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home conditions, birth and health records, and information from the employment-certification office.

B. Social agencies of all types should be used by the junior placement office for the best possible adjustment of the boy or girl, including the use of the social-service exchange.

4. Adequate records should be kept by all junior employment bureaus.

A. The information secured should conform to certain minimum and uniform standards drawn up by public bureaus in cooperation with national organizations or State and Federal departments.

B. Every interview should be recorded on the individual record of the applicant and a report be kept of the data secured from each industrial investigation.

C. Report information should be collected, at monthly intervals, to include, as a minimum, record of applicants served, number of applications, positions available, persons placed, and total placements made.

D. Provision should be made for centralized comparable employment information in a community through such devices as uniform monthly reporting, the clearance of labor calls, an information service regarding employment facilities, and a central file of industrial investigations.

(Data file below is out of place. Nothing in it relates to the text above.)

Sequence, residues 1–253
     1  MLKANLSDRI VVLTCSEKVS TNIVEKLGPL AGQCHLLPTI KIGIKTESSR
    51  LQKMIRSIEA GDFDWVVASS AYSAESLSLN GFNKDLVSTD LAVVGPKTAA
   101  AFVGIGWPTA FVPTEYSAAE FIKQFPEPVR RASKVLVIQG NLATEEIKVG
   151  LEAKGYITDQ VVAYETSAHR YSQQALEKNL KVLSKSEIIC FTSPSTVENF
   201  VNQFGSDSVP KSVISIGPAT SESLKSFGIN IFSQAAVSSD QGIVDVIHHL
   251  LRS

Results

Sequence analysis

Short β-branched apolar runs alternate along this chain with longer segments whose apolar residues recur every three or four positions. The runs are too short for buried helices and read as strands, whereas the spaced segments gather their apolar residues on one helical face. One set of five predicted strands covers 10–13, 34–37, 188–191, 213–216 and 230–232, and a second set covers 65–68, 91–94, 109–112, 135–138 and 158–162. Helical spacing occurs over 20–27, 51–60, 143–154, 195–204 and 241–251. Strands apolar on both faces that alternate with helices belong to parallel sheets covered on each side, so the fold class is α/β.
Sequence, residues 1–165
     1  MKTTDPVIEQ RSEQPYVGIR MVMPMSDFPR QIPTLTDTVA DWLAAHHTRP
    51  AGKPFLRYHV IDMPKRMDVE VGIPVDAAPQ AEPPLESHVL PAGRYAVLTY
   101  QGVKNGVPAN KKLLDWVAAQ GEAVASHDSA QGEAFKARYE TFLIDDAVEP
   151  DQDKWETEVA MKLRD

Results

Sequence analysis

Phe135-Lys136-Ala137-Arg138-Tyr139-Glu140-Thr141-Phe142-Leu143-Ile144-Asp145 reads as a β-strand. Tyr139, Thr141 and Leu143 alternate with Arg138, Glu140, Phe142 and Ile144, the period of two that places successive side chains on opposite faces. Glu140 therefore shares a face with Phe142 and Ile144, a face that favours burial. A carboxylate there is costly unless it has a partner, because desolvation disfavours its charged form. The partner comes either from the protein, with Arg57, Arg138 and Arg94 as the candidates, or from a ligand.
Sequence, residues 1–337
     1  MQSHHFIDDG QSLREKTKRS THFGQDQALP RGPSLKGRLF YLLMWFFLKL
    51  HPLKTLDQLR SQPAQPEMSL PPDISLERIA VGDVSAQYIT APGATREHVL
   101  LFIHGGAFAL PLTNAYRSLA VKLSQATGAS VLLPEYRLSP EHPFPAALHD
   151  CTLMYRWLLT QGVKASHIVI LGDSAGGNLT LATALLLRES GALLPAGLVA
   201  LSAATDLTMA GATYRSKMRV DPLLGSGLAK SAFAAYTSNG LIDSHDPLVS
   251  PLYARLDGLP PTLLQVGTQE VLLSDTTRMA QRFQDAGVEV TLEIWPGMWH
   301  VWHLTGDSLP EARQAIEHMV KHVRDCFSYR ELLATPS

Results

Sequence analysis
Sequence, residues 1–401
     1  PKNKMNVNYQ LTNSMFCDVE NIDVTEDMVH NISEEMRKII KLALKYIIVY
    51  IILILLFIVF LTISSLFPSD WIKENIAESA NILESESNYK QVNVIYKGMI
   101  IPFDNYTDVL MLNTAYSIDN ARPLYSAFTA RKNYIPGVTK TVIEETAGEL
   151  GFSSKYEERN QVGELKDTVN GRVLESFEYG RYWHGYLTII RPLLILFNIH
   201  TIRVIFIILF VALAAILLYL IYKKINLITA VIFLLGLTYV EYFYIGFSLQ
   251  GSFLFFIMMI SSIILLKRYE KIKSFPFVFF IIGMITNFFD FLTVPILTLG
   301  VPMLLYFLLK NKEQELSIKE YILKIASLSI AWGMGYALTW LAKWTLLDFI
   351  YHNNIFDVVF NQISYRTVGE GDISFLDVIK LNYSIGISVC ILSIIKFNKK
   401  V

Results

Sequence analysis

5. Junior placement should be done only by those specifically engaged for this work, and training requirements should include at least a high-school education, though a college education is more desirable, with special training in economics, sociology, and case work.

It is desirable that at least one member of the staff shall have had training in the fundamentals of statistics.

It is essential that the placement worker be familiar with labor and education laws and have a knowledge of industrial conditions and opportunities in various fields of work, through visits to industrial and business establishments.

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Other Vocational Guidance Agencies THE vocational-guidance program in a community should involve every effort to cooperate with existing nonpublic organizations interested in guidance.

In order to further this cooperation, private organizations working in the field of guidance should keep informed of modern developments and modify their program of vocational guidance as need arises.

INDUSTRIAL DISPUTES

D

Strikes and Lockouts in the United States in November, 1931

ATA regarding industrial disputes in the United States for

November, 1931, with comparable data for preceding months are presented below. Disputes involving fewer than six workers and lasting less than one day have been omitted.